Are you seriously claiming, Slarti, that if a criminal can't be prosecuted for committing a crime, then it's meaningless to point out that what s/he did was a crime?

No. Are you claiming that Bush can't be prosecuted for this alleged crime?

At the moment, I think the most sensible thing to do is wait for Bush & Co to be ousted in November.

How convenient.

The 19 hijackers on 9/11 are eternally beyond the reach of justice: doesn't mean that calling their actions illegal is meaningless.

Oh, please. Couldn't you have just leapt to Hitler and be done with it?

It is interesting, though, to postulate what would have happened if the Republicans had attempted to impeach Clinton for his illegal cruise-missiling of an aspirin factory in Sudan.

No. Are you claiming that Bush can't be prosecuted for this alleged crime?

He can certainly be impeached. (I think we're beyond "alleged", btw: there are way too many eyewitnesses.)

Oh, please. Couldn't you have just leapt to Hitler and be done with it?

*raises eyebrow* Because whoever mentions Hitler first, loses. *bzzt!* You lost!

It is interesting, though, to postulate what would have happened if the Republicans had attempted to impeach Clinton for his illegal cruise-missiling of an aspirin factory in Sudan.

Sure. Would have been interesting if the Republicans could have got their minds out of the gutter and stopped focussing on Clinton's sex life.


"If by whatever means . . . Bush manages to hang on to the Presidency, obviously we then need to move to have Bush impeached"

And doubtless MoveOn, an organization originally created to oppose the impeachment of one President, will be calling for the impeachment of another. It's kind of like an ouroboros :-)

And Catsy, you've tossed around Chapter VII, Article 51 a few times here (and in your post), and there's one major problem: while your implications are correct in that Article 51 allows for defense in cases of direct attack and doesn't textually allow for preemption -- perhaps such an allowance will enter into jus cogens as an emanation from a penumbra of Article 51 ;-) -- it also doesn't spell out a rationale against preemption or specify what states who choose to "preempt" are guilty of.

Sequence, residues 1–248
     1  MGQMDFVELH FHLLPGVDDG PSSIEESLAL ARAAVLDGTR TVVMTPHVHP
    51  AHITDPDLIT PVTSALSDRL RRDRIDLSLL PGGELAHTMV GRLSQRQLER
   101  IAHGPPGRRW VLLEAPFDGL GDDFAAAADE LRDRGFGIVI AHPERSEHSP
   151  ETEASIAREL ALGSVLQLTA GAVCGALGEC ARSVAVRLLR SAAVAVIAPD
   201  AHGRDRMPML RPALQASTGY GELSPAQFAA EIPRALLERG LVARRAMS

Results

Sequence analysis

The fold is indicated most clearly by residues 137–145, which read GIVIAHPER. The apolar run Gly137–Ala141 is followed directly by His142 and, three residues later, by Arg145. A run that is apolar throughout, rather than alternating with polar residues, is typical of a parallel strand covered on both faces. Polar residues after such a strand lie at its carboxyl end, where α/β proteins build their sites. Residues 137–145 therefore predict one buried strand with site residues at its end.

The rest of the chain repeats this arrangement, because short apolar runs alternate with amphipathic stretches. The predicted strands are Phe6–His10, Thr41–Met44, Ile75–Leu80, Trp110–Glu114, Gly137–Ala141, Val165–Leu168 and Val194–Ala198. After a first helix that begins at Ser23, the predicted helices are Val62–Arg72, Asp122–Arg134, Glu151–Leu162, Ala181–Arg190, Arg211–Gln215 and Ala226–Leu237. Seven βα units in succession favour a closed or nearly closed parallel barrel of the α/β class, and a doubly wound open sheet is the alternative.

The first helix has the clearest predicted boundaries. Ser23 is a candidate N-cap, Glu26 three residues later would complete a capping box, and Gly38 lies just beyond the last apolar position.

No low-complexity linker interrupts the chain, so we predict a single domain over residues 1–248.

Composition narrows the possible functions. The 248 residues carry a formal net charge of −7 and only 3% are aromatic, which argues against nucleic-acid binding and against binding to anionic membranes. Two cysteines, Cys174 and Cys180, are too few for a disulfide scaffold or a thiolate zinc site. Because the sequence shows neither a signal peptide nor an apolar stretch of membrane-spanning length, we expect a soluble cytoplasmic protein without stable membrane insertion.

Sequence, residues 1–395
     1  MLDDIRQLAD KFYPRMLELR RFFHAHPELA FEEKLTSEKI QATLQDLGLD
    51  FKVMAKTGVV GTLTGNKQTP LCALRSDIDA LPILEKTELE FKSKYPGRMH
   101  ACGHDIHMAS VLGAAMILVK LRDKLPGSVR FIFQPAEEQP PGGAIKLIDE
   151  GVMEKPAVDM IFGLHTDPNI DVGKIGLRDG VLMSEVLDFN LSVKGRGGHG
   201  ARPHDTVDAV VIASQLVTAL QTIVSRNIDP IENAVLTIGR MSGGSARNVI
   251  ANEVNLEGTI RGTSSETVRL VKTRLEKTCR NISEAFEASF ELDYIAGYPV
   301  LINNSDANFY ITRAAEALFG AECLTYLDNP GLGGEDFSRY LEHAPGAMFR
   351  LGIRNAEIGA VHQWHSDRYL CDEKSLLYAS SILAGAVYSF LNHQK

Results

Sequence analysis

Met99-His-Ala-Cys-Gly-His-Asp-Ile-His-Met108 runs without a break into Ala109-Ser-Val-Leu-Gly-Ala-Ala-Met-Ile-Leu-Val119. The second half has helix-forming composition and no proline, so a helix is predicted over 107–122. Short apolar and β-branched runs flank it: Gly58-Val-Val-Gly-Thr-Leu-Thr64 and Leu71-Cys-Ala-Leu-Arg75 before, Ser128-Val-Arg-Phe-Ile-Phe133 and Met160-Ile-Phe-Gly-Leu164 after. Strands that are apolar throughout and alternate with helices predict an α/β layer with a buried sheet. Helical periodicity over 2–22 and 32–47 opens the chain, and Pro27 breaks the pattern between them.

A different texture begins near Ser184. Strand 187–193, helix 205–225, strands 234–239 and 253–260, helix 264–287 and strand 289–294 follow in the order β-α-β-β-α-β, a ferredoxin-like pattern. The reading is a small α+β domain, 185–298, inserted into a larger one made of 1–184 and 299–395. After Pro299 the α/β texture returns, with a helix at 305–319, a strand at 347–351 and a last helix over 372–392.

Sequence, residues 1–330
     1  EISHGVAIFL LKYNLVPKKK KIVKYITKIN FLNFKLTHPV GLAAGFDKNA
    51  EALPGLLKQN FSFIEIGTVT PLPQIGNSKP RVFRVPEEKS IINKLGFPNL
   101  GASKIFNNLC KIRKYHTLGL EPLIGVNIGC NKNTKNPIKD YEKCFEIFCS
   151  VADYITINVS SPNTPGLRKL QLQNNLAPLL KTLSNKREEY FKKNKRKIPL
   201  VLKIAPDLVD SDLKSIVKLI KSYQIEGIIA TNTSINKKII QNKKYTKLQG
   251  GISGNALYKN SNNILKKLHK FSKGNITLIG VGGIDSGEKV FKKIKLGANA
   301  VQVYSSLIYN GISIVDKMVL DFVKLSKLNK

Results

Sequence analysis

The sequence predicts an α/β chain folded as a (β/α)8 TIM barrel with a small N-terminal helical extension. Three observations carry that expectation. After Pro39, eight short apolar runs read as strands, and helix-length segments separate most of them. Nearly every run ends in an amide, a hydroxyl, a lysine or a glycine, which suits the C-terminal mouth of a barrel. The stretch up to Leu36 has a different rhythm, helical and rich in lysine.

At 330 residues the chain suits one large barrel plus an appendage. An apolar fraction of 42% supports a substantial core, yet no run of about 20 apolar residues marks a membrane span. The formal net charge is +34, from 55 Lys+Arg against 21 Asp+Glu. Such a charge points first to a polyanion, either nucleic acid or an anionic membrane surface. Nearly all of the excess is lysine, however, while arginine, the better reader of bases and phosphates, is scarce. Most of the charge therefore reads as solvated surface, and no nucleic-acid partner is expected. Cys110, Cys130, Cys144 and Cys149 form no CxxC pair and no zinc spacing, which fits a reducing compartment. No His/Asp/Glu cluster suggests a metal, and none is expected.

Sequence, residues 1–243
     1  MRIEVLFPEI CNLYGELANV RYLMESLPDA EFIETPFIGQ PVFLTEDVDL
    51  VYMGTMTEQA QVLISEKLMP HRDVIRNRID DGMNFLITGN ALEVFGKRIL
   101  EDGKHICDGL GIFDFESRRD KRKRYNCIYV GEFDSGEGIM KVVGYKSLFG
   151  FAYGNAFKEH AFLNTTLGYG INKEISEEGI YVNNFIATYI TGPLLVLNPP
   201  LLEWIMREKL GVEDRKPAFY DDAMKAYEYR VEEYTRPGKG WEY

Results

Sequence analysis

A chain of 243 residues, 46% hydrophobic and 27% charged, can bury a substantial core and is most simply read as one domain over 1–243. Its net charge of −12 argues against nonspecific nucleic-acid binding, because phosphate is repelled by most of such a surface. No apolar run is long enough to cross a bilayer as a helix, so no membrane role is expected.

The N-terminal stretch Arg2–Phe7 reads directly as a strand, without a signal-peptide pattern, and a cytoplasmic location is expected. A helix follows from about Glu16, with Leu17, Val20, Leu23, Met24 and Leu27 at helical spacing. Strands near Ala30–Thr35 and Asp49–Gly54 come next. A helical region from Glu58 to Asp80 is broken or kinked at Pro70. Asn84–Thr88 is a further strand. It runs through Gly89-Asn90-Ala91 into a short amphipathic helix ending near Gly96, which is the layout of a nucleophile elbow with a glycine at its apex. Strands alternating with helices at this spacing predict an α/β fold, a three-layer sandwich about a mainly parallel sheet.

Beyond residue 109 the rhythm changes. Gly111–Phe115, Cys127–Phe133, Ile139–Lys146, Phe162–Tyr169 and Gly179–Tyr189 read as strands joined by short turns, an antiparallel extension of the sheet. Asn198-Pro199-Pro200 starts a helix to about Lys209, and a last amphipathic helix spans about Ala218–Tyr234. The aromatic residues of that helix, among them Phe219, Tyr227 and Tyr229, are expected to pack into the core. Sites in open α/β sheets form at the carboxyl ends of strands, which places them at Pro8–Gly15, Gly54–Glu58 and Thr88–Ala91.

Since the primary military confrontations UNSC is tasked with dealing with under Article 39 are "threats to peace" (armies massing on borders and the like), "breaches of peace" (incursions, shots fired across the border), and "aggression" (war/invasion), I'm going to assume that your reading of the Chapter VII would hold that America under Bush was committing an "act of agression." This, too, raises a problem.

To assert illegality in this case, you have to cope with the fact that a definition of "aggression" has never been accepted by the UNSC (there was a General Assembly defition, Resolution 3313 [XXIX], but the UNSC has chosen not to work from it). In fact, the Permanent Five have been very Potter Stewartish about the whole concept of aggression, essentially saying that they know aggression when they see it. (The ICJ has also taken cues from the P5 in this matter -- see Yugoslavia vs. NATO over the Kosovo bombing.)

As such, it is/was at the Security Council's discretion to decide whether or not this war was "illegal." Not yours. It was a nicely written post, however.

* defition=definition (what's a defition?)

* defition=definition (what's a defition?)

Defition reaction is what creates radioactivity? :>

The comments to this entry are closed.

Blog powered by Typepad